Price of anarchy

Price of anarchy

The price of anarchy is a concept from game theory that describes the difference in maximum social utility and the utility of an equilibrium point of the game.


Given a game G=(N,A,u), it is natural to consider the "social welfare", i.e. how to maximize the utility to all players. There are many possible social welfare functions including the following

"Utilitarian" function:w(a) = sum_{i=1}^N u_i(a)

"Egalitarian" function,:w(a) = min_i u_i(a)

The "social optimum" maximizes w(a) over all possible action profiles, a in A.

Typically, the social optimum is not reached, because each of the players is only interested in their outcome.

The "price of anarchy" (PoA) is a measure of how well people do when they play selfishly (Nash equilibrium) versus choosing the social optimum. The PoA is defined as the ratio of the social optimum welfare to the welfare of the worst Nash equilibrium. In other words, it is the ratio of the largest social welfare achievable to the least social welfare achieved at any Nash equilibrium.

The "pure" price of anarchy considers only "pure" Nash equilibria, i.e., Nash equilibria in which all players play pure strategies (no randomization or mixed strategies). Of course, this equilibrium may not always exist.

The term "price of anarchy" (PoA) was invented by Papadimitriou and has been recognized by computer scientists as an important game theoretic concept. Although it is not inherently a computer science term, it is one of the recent contributions of computer science to game theory. The price of anarchy provides a new measure for the quality of an equilibrium.

Example: price of anarchy in job scheduling

An example of the price of anarchy is job scheduling. In this setting, there are N jobs (players) and M machines. Each machine has a speed s_1,ldots,s_M>0. Each job has a weight w_1,ldots,w_N>0.A player picks a machine to run his or her job on. So, the actions of each player are A_i={1,2,ldots,M}.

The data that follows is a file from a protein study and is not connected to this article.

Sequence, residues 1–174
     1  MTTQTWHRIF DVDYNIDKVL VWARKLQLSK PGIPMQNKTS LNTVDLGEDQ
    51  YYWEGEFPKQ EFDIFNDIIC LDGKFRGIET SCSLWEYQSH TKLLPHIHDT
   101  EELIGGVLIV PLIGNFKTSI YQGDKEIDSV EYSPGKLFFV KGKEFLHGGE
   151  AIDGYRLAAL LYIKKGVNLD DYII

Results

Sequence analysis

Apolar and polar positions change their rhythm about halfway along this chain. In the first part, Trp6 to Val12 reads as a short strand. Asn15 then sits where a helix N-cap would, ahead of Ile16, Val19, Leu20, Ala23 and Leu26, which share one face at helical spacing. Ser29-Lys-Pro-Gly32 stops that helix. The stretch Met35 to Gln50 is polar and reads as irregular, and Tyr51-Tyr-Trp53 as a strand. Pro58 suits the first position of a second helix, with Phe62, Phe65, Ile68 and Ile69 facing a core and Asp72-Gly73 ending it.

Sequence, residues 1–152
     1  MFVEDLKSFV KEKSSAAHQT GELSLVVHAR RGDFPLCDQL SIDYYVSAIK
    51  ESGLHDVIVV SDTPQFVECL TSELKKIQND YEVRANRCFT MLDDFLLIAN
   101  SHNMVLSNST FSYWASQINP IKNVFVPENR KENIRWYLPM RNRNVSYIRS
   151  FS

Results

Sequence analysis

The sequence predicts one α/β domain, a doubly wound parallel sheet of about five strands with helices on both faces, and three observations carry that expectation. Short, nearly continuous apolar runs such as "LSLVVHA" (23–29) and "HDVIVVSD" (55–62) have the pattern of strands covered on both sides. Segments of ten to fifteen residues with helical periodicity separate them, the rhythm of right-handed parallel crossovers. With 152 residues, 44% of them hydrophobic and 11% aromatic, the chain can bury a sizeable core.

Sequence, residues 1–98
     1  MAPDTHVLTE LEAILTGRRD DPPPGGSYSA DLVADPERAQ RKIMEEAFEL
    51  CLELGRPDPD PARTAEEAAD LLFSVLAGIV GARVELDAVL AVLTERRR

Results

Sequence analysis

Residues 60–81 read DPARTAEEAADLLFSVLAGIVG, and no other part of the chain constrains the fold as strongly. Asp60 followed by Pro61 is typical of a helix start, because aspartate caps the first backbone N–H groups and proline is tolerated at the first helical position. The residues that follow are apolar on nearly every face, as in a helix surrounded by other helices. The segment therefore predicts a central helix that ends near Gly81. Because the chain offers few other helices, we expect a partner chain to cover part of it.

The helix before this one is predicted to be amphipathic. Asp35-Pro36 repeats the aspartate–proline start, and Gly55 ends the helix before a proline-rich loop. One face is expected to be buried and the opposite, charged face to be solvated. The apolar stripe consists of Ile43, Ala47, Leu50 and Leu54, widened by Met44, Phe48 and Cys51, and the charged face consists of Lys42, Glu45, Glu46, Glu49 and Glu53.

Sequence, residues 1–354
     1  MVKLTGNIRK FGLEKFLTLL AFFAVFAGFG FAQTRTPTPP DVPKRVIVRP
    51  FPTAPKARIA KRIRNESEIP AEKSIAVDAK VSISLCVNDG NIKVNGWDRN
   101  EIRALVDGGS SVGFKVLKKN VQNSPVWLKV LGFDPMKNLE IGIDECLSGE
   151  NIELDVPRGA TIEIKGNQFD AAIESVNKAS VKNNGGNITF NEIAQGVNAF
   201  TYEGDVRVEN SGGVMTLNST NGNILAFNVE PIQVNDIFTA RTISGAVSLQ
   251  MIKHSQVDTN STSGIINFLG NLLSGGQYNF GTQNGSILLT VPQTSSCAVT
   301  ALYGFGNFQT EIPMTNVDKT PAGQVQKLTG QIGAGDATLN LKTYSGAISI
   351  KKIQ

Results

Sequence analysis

Define the "load" on machine j to be:

:L_j(a)=frac{sum_{i:a_i=j} w_i}{s_j}.

The utility for player i is u_i(a)=-L_{a_i}(a), i.e., the negative load of the machine she chose. For notational ease, we will define costs c_i=-u_i so we can talk about positive costs instead of negative utilities.So c_i(a)=L_{a_i}(a). In this case, we will consider the egalitarian welfare, i.e., try to minimize the maximum load. This quantity mbox{MS}(a)=max_j L_j(a) is called the "makespan."

For this problem, which involves costs, we will consider the PoA to be the ratio of the largest MS for any Nash equilibria to the smallest possible MS. It should be clear that mixed PoA ≥ pure PoA, because any pure Nash equilibrium is also a mixed Nash equilibrium (this inequality can be strict: e.g. when N=2, w_1=w_2=1, M=2, and s_1=s_2=1, the mixed strategies sigma_1=sigma_2=(1/2,1/2) achieve an average makespan of 1.5, while any pure-strategy PoA in this setting is leq 4/3). First we need to argue that there exist pure Nash equilibria.

Claim. For each job scheduling game, there exists at least one pure-strategy Nash equilibrium.

Proof. We would like to take a socially optimal action profile a^*. This would mean simply an action profile whose makespan is minimum. However, this will not be enough. There may be several such action profiles leading to a variety of different loads distributions (all having the same maximum load). Among these, we further restrict ourselves to one that has a minimum second-largest load. Again, this results in a set of possible load distributions, and we repeat until the Mth-largest (i.e., smallest) load, where there can only be one distribution of loads (unique up to permutation). This would also be called the "lexicographic" smallest sorted load vector.